VIEW: Truth or dare? —Gulmina Bilal Ahmad - Friday, May 06, 2011

Source :\05\06\story_6-5-2011_pg3_3

The security establishment of the country is not doing any good to the public by not providing an answer. If they have cooperated in this operation or have provided any intelligence, then the public should know

Bin Laden, the icon of terrorism; the symbol of fear in the western world is dead. Crowds of thousands of Americans came out in jubilation and celebrated the death of the person, who was responsible for killing more than three thousand Americans on 9/11 in 2001. It was certainly a victory for that nation, but what about us Pakistanis who are still searching for an answer about what happened?

The operation ‘Geranimo’, as the Americans are calling it, was executed in such a way that the whole of our security apparatus failed to detect the incoming Apache helicopters. This situation, if true, is really alarming because if a nuclear-armed nation cannot ensure its defence, then perhaps the Americans are right in saying that there is a grave threat to our nuclear weapons by the terrorists.

However, the reaction by the intelligence agencies and the government is not encouraging for the public. How could a country’s defence forces show such a naïve behaviour when they have a constant threat not only from outside but from an internal enemy as well? This is unbelievable. The only rational answer that comes around is that our security establishment is saying all this to avoid a possible backlash from the extremist elements.

The backlash would come anyways. Al Qaeda and the Tehreek-e-Taliban Pakistan (TTP) have already declared Pakistan as their number one enemy. Lashkar-e-Jhangvi (LeJ) and Jamaat-ud-Dawa (JuD) have offered the funeral prayers in absentia for the slain al Qaeda leader. A country, where extremist elements are so deep-rooted, a backlash in any case is predictable.

Abbottabad is a cantonment, where not only the army is present, but due to the fact that Pakistan Military Academy is located there, the security of the area is ensured by the intelligence and the military. The compound where Bin Laden was hiding was, according to media reports, only 400 metres away from the academy. This compound was in existence since 2005 and still the answer comes that no one knew about his presence.

The Americans said that in order to avoid a tip-off that could have led to the escape of Bin Laden, they kept the Pakistani authorities uninformed on the operation. It was only after the operation that military took control of the compound. However, this explanation is not plausible because, throughout the operation that almost lasted for an hour or so, there was no reaction from the authorities or the civil administration.

The general public is dumbfounded and is demanding an answer that actually makes sense. The talk of sovereignty and independence, when foreign forces enter our airspace and conduct an operation on our soil seem like a misquoted jargon. However, the US President clearly said that the operation was successful due to the cooperation from authorities in Pakistan. Then why our security establishment is not providing a plausible answer to the public?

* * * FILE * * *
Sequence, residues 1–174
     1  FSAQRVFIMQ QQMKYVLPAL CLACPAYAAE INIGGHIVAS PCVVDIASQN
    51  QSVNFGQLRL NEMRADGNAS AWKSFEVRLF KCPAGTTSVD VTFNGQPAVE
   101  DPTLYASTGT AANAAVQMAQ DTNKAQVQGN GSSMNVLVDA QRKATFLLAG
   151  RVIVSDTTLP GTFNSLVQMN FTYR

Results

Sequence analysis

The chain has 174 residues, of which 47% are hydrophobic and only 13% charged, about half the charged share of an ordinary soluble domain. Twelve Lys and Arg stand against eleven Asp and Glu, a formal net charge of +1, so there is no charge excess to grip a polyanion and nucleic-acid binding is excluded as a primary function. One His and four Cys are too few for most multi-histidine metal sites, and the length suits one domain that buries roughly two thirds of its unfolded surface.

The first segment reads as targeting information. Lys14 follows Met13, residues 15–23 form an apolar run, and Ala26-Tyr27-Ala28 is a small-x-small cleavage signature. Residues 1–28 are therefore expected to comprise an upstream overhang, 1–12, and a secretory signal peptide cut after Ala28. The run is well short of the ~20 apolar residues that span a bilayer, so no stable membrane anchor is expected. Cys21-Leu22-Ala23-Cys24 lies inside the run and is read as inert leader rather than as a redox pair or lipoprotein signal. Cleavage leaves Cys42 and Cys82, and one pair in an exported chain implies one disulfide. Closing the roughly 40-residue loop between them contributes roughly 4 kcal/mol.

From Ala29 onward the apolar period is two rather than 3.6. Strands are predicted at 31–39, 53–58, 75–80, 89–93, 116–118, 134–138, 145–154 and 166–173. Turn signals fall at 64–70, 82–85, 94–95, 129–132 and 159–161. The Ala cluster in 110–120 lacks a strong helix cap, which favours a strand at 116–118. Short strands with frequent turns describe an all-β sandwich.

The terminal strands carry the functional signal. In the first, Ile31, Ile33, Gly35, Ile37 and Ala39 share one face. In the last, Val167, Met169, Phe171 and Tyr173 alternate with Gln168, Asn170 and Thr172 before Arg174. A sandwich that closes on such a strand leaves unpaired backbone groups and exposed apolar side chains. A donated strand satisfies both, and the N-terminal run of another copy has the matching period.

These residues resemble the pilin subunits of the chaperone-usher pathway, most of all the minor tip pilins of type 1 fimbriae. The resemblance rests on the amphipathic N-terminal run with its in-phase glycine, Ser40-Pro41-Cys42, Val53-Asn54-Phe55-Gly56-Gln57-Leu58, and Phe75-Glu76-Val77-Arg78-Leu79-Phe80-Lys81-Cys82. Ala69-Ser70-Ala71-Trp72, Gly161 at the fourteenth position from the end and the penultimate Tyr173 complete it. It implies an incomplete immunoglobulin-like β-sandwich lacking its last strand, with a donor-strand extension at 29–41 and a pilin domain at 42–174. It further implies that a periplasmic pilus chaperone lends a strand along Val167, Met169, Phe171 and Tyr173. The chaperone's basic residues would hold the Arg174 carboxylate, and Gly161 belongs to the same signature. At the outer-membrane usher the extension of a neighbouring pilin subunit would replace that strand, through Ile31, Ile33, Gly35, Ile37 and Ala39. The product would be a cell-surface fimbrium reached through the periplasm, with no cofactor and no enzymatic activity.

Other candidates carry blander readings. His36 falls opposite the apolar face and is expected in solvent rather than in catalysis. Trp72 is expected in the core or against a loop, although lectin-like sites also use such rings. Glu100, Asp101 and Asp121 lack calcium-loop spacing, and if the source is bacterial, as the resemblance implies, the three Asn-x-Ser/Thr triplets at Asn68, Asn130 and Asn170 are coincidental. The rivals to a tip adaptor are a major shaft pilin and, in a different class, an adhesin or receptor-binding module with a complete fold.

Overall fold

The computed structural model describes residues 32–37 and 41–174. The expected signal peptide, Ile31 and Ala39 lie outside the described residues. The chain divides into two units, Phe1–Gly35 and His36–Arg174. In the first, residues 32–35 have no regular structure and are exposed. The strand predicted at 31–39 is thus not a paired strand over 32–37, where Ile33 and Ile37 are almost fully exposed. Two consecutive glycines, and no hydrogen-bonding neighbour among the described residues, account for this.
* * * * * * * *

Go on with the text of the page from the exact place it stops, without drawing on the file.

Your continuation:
The level of trust between the US and Pakistan is at its lowest since the Raymond Davis saga. This was also one the reasons why the Americans did not inform the security establishment of Pakistan about the presence of a high-value target in the vicinity of our military academy. They believe that our intelligence agencies are playing a double game. On the outside they are cooperating with the Americans in this war on terror, but on the inside they provide protection to terrorist elements, which are considered as strategic assets.

If this cooperation is based on mistrust, then Pakistanis must prepare for such operations in future as well. The security establishment of the country is not doing any good to the public by not providing an answer. If they have cooperated in this operation or have provided any intelligence, then the public should know. Otherwise, this stance adopted by the establishment would once again lead to the defamation of army among the public, as happened in the ‘Musharraf Regime’.

A general sentiment that is spreading among the public like wildfire, which is also being reflected in the media, is that our security establishment was providing protection to Bin Laden and the Americans have caught them playing their double games. This is dangerous not only for the morale of our forces, who are fighting to protect this nation, but also for the public, who would once again lose trust in their defence forces.

A plausible answer would certainly help calm down the people. It is also imperative to avoid any backlash from the extremist factions. It is evident from the past few years that activism has gone a different level in our country. People come out in the streets even for the smallest of cause and perhaps that is what the democracy is all about. But this issue is not similar to the shortage of electricity or gas load shedding that can be neglected. The concerned authorities would have to devise a strategy for the future, so that the situation could be brought under control.

The implications of Pakistan being branded as a safe haven for terrorists would be dangerous. The public does not want it and is looking forward for an answer that could satisfy them.

The writer is an Islamabad-based consultant. She can be reached at

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